Conventions: Transfer Extensions by Justin Lall

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Transfers are a funny thing, almost everybody plays them yet few know why.

Justin Lall
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Source: Squeezing the Dummy

Transfers are a funny thing, almost everybody plays them yet few know why. A widely believed theory is that the main advantage ofJacoby transfers is right siding the contract. While it is true that this is advantageous, it is not that great a gain. The best part about transfers is the ability to transfer and then bid again. Jeff Rubens wrote on the Useful Space Principle in 1981 giving a sound theoretical argument for transfers in a variety of auctions including advancing to partners overcall.

Consider playing no system at all over a 1N opener. The only way to force in hearts is to jump to 3. Playing this way, if you have a two-suiter you can never show it below the 3N level, and if you have an invitational hand you can never show that. With transfers, you can show almost every hand type because you can transfer and then define your hand better with a second bid at a low level. Even two-way stayman can have problems with the timing of some auctions if you hold a two-suiter. For instance: 1N-2-2-3. Now if you have say, hearts and clubs, you are never able to show the clubs.

One problem I have found in transfer sequences is bidding after the second suit is shown. If the auction starts 1N-2-2-3 and opener does not have 3 hearts he may have some problems. He may not want to go past 3N to show a club fit, especially atmatchpoints. He might try a punt with 3 as a cooperative noise, or may just bid 3N discouraging partner. These leaves ambiguity about all bids that are not a raise of a major. They could be a 5 card suit, a NT probe with weakness in the other suit, or an advanced cue for clubs. The auctions lack the necessary clarity responder needs to be able to make an intelligent decision about strain and level. This is why I have come up with transfer extensions.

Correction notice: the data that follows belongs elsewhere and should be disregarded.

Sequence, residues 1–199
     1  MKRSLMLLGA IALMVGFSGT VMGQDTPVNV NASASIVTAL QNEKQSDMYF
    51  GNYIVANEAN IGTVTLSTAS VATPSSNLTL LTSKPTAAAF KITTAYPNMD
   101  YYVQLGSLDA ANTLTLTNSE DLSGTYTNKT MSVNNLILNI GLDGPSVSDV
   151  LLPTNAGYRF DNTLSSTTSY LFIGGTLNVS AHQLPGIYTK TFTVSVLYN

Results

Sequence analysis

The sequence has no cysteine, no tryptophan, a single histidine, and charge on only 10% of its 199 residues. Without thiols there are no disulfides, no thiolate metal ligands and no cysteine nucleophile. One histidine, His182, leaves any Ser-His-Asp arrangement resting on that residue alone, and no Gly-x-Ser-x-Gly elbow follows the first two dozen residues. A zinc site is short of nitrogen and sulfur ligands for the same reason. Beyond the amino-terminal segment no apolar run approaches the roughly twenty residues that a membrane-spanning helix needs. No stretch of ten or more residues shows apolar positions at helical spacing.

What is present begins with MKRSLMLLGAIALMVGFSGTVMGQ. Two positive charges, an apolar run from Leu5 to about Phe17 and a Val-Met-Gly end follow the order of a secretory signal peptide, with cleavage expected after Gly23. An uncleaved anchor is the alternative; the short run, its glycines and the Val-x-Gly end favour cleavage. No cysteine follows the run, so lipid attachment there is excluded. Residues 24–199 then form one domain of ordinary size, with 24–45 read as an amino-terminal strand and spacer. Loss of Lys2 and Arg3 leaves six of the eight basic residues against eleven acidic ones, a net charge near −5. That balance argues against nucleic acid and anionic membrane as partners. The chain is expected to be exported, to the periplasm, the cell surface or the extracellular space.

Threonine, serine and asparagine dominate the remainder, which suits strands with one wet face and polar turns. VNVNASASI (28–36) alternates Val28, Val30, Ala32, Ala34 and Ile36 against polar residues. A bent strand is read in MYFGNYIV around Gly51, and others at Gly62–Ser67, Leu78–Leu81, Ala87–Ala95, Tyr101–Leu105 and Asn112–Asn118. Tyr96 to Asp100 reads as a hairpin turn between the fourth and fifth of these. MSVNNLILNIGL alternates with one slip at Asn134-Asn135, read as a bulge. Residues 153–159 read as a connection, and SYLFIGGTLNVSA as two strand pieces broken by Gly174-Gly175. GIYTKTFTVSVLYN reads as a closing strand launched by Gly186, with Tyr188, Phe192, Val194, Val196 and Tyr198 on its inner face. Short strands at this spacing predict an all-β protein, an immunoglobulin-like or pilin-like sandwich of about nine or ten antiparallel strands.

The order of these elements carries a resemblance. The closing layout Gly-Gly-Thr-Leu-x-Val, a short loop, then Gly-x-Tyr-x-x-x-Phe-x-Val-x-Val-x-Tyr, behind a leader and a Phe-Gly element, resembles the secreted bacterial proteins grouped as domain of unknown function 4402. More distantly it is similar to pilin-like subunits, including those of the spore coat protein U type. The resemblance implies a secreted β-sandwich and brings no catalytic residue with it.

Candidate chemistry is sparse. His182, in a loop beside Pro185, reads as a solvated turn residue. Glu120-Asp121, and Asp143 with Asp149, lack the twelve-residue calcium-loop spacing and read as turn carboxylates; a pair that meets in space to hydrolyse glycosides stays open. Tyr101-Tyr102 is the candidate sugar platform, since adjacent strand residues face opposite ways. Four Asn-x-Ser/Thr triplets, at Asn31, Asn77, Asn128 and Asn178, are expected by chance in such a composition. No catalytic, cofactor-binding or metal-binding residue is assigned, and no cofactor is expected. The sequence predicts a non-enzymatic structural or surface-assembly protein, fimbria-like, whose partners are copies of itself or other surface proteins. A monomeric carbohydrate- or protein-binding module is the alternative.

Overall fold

With transfer extensions, the second bid after a Jacoby transfer is another transfer. So:
1N-2
2-2=invitational with 5 hearts (like a 2N rebid)
1N-2
2-2N=4+ clubs GF

1N-2
2-3=4+diamonds GF

1N-2
2-3=6+ hearts invite

1N-2
2-3=5-5 majors invite

Higher=Splinters.

You may be wondering what the gain of the second round transfers is. It solves the ambiguity of the auctions because opener can now support the minor below 3N. He never has to worry about going past 3N to raise partner. Over 2N or 3 he can bid 3 of partners minor with 4 card or longer support, or 3 of partners major with 3 card support there. This means if opener bids one of the other suits it denies support for both of responder’s suits and would usually indicate a 5 card or longer suit. The only time it could be a 4 card suit is if opener was specifically 4-4 in the unbid suits with weakness in the 4th suit. If opener completes the second “transfer” responder has room to pattern out economically. The auctions will time out much better if a minor suit fit is found. All you give up to play transfer extensions after a transfer to hearts is transferring and then bidding 2 spades. This is usually played as 5 hearts and 4+ spades with invitational values. Usually with that shape and 8 points you can afford to force to game, and with less than that you can bid garbage stayman. It is not perfect, but the invite is of limited use and the gains definitely outweigh the loss.

For spades things are a little bit trickier. You must free up this auction:

1N-2
2x-2

In transfer extensions, this auction would show any hand with 5 or more spades and invitational values. I actually consider this a gain, as you are able to stop in 2 on a lot of hands where the field will get to 2N or 3. Note, in this auction a raise to 3 would be a choice of games. Re-invites have no use at all. With 5 spades and 4 hearts and a weak hand you just have to transfer to spades and pass. The structure after a spade transfer would be:

1N-2
2-2N=4+ clubs GF

1N-2
2-3=4+diamonds GF

1N-2
2-3=5-5 majors GF

1N-2
2-3=6+ spades 1 suited slam try.

1N-2
2-3=6+ spades invite.

Higher=Splinters.

Note that here 3 spades has the normal meaning and 3 hearts is a 1 suited slam try. This way you don’t have to go through Jacoby then jump to game to show the hand and gain room to explore for slam.

If you are willing to give up being able to bid stayman with 5 spades, 4 hearts, and a weak hand and having the ability to show 5 hearts and 4 spades then you can play transfer extensions. To summarize, you gain the following:

  • The ability to locate minor suit fits below 3N after a transfer sequence.
  • The ability to stop in 2 spades with an invitational spade after a 1N opener
  • Clarity of all bids after responder shows his second suit.
  • The ability to show a 1 suited slam try in spades and still have room to explore below the game level.
  • More economical auctions after the second suit is shown.

I think the gains clearly outweigh the losses, but I’ll let the readers decide. Update: It has been called to my attention that this convention had already been thought of/used by other people, notably DannyKleinman and possibly many others. It was negligent to imply that I was the first to invent this convention without checking to see if that was true. Though I thought of it independently, I was definitely not the first one to have thought of it.

Esta entrada también está disponible en: Spanish

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